PB: So you have brushed shoulders with the greats?

BT: Career wise, jazz has been a sideline, but a hugely important sideline in my life. After leaving the army I went into the motor trade and was fortunate enough to have my own garages in Mornington Crescent, Camden Town and then in Potters Bar. All of these locations were hotbeds of jazz. Stars such as Terry and Paddy Lightfoot and Acker Bilk were neighbours of mine in Potters Bar, as were Tucker Finlayson and John Richardson, Acker’s bass player and drummer. So I became their “garage man” and hence formed strong associations.

PB: As an aside how would you rate, for instance, Terry Lightfoot and Acker Bilk alongside Ken Colyer?

Above and above left: Promotional flyer designed and produced by Jazz&Jazz for Bob Thomas & The Thomcats.

BT: All jazz greats, but perhaps Ken Colyer was more a jazz purist. Then again, Terry and Acker are just as much purists in their own right and have probably done and still are doing more to keep jazz alive.

PB: Which bands did you play with?

BT: I joined The New Eureka Jazz Band in Walthamstow when I lived in Potters Bar and played trumpet alongside Tony Weston on reeds, Pete McCullough on trombone, Dave Ufland, drums, and Mike Farrell on bass and banjo.

I also have wonderful memories of playing with The Salisbury Stompers in Barnet for seven years when in was led by Bernie Tyrrell of wry humour and Jazz Guide fame. Bernie on drums, Pete McCullough on trombone, Jimmy Hurd on reeds, John Softly on banjo, Nobby Clark on bass and Shirley Longhurst, vocals. I recall one gig when during the interval I mistakenly used the ladies’ loo and got trapped in the cubicle by a couple of ladies directly outside chatting about lingerie. I heard the band strike up and dashed out with a curt “excuse me”. “Where’ve you  been?” hissed Pete McCullough. I told him and he promptly seized the mike and announced to the fans “Bob’s been dallying with two damsels in the ladies’ loo!” Or words to that effect! Happy days!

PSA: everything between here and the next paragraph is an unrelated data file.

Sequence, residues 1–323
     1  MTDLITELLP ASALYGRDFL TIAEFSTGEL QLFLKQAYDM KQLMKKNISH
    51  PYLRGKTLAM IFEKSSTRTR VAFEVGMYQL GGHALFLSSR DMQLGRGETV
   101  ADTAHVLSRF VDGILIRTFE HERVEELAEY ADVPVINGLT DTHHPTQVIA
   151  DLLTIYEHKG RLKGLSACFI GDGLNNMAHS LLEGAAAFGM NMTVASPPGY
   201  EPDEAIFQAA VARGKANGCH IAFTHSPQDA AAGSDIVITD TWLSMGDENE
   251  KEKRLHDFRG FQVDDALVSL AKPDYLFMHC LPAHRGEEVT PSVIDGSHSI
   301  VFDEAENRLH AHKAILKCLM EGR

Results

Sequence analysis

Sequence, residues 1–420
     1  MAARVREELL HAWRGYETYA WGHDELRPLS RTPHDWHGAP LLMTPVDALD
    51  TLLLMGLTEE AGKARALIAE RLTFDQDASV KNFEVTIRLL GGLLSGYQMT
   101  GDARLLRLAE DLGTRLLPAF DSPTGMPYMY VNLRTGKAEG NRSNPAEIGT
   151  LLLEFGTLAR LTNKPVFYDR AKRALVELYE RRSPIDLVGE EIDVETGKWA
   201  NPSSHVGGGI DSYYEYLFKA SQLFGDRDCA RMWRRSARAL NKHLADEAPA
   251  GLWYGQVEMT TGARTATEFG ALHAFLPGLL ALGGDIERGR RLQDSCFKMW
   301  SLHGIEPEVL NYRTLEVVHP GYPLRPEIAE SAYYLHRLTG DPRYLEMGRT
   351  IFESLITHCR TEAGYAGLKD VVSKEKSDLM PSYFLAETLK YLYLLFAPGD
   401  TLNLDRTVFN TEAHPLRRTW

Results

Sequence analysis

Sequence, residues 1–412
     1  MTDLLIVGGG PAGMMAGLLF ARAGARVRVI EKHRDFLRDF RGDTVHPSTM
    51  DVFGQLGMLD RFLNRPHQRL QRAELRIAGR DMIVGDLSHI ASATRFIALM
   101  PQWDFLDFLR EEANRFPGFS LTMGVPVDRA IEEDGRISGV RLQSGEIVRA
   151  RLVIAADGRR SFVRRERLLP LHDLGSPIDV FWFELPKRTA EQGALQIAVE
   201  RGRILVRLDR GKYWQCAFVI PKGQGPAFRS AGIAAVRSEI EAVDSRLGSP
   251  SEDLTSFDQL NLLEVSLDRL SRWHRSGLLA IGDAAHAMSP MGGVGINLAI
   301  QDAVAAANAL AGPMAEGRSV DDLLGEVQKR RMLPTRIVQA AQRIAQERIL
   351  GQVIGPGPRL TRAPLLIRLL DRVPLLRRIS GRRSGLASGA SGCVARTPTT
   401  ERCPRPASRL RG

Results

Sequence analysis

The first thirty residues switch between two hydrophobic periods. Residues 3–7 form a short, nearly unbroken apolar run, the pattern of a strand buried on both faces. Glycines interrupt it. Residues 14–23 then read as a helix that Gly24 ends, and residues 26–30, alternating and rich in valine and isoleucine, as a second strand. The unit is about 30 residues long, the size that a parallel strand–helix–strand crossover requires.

In the early 1960s I formed the Crescent City Jazz Band in Potters Bar with Martin Cole on banjo, Dave Maber on bass, Julian Greatrex on reeds and Dave Ufland on drums.

PB: But a lot of those old jazz venues and pubs have gone now, including The Salisbury in Barnet, The Red Lion in Hatfield and The Cherrytree in Welwyn Garden City. A few years ago you decided to do something about this decline.

The Thomcats at The Long & The Short Arm, December 2008